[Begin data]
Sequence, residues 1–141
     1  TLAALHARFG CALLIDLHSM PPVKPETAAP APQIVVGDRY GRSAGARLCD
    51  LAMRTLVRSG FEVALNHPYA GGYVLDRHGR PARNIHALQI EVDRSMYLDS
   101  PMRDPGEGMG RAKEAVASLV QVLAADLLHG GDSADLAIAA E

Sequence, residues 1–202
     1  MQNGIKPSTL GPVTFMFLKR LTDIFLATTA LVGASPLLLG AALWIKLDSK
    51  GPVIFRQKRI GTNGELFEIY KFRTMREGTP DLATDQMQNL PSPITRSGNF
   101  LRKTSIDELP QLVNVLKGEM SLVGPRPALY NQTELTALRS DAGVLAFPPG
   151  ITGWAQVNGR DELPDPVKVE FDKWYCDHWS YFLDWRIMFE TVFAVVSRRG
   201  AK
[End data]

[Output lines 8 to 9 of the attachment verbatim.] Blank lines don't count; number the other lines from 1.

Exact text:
   101  LRKTSIDELP QLVNVLKGEM SLVGPRPALY NQTELTALRS DAGVLAFPPG
   151  ITGWAQVNGR DELPDPVKVE FDKWYCDHWS YFLDWRIMFE TVFAVVSRRG